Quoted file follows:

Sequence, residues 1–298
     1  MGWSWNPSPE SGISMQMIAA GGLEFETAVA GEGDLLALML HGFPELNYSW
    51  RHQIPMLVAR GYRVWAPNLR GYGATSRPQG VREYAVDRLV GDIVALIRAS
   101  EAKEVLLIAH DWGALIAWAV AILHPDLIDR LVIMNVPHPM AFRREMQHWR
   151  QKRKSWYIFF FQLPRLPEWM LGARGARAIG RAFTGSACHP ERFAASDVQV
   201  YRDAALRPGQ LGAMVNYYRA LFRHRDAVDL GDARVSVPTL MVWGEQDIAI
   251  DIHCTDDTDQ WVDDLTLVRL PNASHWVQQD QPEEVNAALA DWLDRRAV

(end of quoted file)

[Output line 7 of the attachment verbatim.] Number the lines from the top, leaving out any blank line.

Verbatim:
   251  DIHCTDDTDQ WVDDLTLVRL PNASHWVQQD QPEEVNAALA DWLDRRAV